Half a million state employees and retirees depend on the state pension fund which has been one of the nation's most solid state retirement plans.
"The perception is this pension fund is in such good shape," Cowell said.
But North Carolina's new state treasurer warns Governor Perdue's second year budget short changes the pension fund by $307 million.
"If you don't aggressively fund this pension plan, we will very rapidly start down a slippery slope," Cowell said.
Over the last 25 years, state employees have always chipped in 6 percent of their salaries to the pension fund managed by the state treasurer. But the state's match has swung from 10 percent down to zero at times, depending on investment returns.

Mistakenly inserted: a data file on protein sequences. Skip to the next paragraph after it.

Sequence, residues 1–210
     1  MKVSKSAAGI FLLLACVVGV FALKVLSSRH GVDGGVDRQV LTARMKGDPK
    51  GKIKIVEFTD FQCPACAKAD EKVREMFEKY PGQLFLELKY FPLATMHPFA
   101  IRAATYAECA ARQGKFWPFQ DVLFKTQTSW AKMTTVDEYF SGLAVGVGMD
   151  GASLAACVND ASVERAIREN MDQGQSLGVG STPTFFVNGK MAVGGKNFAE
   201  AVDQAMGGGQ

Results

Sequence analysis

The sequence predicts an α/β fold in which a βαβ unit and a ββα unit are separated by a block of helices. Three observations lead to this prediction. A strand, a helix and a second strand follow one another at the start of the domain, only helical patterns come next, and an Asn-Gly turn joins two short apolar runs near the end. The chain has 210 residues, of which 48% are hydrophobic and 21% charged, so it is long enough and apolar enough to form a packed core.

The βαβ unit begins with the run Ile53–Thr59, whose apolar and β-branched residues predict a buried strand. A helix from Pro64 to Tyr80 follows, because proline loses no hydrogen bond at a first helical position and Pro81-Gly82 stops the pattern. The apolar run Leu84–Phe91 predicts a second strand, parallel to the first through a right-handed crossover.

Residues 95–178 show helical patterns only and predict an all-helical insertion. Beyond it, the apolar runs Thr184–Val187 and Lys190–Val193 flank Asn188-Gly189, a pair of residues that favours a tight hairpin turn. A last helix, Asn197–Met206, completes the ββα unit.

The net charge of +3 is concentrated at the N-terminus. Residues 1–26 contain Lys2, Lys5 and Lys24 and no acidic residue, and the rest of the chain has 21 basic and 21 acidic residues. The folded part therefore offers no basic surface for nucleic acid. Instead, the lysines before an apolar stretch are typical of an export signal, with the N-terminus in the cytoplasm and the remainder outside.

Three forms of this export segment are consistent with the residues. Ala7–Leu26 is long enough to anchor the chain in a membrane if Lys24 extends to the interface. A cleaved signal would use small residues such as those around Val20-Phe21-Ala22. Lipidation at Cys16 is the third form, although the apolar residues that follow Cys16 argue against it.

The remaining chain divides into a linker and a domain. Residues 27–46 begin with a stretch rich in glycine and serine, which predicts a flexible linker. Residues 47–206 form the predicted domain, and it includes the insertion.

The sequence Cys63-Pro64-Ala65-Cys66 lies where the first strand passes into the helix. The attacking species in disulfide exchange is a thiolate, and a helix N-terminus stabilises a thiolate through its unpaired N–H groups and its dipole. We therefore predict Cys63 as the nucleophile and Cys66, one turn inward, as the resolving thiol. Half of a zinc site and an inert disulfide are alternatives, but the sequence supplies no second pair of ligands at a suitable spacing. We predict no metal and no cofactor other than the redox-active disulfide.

And after last year's stock market plunge Cowell says the state must come up with much more to keep the pension fully funded.
"It's a strong system if you take action," Cowell said.
The state employees association does not blame Cowell or Perdue for the short-fall. They point to their predecessors.
"The previous administration for the last eight years, in some cases took a complete holiday from the employer funding and in some cases put nothing in it," said Ardis Watkins with the State Employees Association.
But after Perdue just proposed a budget which raises taxes, cuts spending and slashes jobs; some wonder where law-makers would find another $300 million dollars.
"We sort of need to dial up the heat a little bit," Cowell said.
Governor Perdue's office said Monday they are fully funding the state pension based on the estimates they have received from the treasurer. If there are other numbers, they say they have not seen them.
The governor's office implied this was simply a communication breakdown.